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C.D. Warner, et al., comp.  The Library of the World’s Best Literature.
An Anthology in Thirty Volumes.  1917.
Solomon’s Wisdom
By Josephus (37–100)
From the ‘Antiquities’: Translation of William Whiston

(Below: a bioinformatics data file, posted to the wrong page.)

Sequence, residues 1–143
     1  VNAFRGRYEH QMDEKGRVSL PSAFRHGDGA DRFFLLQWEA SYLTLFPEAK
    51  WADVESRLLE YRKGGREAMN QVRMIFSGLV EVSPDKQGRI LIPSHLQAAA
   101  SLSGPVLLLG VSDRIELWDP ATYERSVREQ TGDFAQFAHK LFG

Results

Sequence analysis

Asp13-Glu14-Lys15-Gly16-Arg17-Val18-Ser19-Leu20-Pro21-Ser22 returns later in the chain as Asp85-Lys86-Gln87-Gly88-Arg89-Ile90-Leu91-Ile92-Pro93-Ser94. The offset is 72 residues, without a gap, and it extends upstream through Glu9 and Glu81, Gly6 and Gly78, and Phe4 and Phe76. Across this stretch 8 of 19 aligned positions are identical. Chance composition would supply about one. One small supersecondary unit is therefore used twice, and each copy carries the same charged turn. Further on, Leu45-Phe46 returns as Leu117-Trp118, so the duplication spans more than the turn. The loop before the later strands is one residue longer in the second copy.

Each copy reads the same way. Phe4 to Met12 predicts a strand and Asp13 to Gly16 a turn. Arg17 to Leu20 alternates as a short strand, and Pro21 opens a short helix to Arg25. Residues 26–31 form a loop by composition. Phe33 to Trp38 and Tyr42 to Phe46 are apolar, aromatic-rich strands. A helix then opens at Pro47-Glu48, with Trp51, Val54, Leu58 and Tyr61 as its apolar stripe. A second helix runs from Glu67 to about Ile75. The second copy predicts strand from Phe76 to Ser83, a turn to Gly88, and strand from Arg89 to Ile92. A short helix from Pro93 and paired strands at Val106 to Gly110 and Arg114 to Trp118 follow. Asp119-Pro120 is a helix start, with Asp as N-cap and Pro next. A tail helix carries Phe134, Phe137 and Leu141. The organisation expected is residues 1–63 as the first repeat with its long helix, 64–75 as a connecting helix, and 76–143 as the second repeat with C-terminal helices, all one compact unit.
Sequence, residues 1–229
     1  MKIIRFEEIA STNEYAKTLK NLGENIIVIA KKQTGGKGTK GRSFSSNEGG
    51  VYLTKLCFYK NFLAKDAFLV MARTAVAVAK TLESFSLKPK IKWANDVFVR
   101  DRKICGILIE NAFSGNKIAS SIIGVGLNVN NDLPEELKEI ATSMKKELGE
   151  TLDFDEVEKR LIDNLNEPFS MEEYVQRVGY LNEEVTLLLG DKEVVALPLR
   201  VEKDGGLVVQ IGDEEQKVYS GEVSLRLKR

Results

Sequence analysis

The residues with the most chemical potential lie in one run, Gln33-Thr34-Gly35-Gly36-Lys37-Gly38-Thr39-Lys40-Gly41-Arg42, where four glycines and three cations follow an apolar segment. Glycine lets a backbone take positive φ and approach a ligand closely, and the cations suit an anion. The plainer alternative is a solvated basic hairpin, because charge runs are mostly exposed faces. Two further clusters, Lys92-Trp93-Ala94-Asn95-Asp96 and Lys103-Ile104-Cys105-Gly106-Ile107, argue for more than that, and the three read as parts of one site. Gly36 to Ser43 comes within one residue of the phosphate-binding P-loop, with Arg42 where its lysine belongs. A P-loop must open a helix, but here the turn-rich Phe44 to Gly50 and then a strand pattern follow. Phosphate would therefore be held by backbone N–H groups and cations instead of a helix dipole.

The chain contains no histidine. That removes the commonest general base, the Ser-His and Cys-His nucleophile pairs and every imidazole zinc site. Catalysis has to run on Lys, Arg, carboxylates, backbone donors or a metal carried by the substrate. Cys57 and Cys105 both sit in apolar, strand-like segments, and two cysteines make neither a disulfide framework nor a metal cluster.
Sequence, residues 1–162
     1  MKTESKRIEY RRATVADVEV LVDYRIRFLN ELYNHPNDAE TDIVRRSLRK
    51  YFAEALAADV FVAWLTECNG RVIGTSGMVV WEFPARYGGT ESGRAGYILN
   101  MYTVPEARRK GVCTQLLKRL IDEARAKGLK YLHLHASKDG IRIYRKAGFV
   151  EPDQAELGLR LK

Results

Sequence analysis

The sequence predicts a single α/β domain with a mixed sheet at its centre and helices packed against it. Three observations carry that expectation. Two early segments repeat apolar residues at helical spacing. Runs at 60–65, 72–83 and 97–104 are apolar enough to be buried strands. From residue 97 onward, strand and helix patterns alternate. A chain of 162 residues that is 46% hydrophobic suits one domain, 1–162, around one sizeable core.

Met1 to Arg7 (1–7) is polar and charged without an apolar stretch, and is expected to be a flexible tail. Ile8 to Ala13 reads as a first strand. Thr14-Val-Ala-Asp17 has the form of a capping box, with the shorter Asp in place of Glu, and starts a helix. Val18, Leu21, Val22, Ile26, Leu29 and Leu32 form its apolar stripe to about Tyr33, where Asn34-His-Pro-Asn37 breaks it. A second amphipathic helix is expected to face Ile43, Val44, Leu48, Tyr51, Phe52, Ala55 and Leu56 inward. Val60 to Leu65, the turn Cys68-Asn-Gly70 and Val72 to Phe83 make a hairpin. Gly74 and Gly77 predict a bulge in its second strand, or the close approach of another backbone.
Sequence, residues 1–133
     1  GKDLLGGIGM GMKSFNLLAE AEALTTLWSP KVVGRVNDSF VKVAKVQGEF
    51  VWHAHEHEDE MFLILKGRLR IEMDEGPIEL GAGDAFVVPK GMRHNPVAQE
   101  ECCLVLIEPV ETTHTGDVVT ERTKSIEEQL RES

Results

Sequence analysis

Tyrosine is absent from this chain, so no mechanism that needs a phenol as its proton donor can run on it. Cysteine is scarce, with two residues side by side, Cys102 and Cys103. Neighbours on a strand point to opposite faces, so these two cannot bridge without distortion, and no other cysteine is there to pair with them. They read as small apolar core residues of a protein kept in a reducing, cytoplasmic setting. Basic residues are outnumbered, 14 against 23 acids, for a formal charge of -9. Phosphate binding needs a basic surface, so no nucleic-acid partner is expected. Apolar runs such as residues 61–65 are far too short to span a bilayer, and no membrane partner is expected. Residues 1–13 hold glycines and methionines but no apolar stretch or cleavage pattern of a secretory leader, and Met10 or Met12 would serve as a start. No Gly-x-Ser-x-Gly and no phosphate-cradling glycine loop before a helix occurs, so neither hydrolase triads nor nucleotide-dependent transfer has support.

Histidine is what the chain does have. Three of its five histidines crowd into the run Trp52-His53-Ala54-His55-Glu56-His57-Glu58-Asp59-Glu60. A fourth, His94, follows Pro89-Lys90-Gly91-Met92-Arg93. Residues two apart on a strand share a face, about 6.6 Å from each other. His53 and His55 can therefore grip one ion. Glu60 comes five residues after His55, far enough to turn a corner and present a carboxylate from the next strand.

NOW the sagacity and wisdom which God had bestowed on Solomon was so great that he exceeded the ancients, insomuch that he was no way inferior to the Egyptians, who are said to have been beyond all men in understanding; nay, indeed, it is evident that their sagacity was very much inferior to that of the King’s. He also excelled and distinguished himself in wisdom above those who were most eminent among the Hebrews at that time for shrewdness…. He also composed books of odes and songs a thousand and five, of parables and similitudes three thousand—for he spake a parable upon every sort of tree from the hyssop to the cedar, and in like manner also about beasts, about all sorts of living creatures, whether upon the earth, or in the seas, or in the air; for he was not unacquainted with any of their natures, nor omitted inquiries about them, but described them all like a philosopher, and demonstrated his exquisite knowledge of their several properties. God also enabled him to learn that skill which expels demons, which is a science useful and sanative to him. He composed such incantations also by which distempers are alleviated. And he left behind him the manner of using exorcisms, by which they drive away demons so that they never return: and this method of cure is of great force unto this day; for I have seen a certain man of my own country, whose name was Eleazar, releasing people that were demoniacal, in the presence of Vespasian and his sons and his captains and the whole multitude of his soldiers. The manner of the cure was this: He put a ring that had a root of one of those sorts mentioned by Solomon, to the nostrils of the demoniac, after which he drew out the demon through his nostrils; and when the man fell down immediately, he adjured him to return into him no more,—making still mention of Solomon, and reciting the incantations which he composed. And when Eleazar would persuade and demonstrate to the spectators that he had such power, he set a little way off a cup or basin full of water, and commanded the demon, as he went out of the man, to overturn it, and thereby to let the spectators know that he had left the man; and when this was done, the skill and wisdom of Solomon was showed very manifestly.  1

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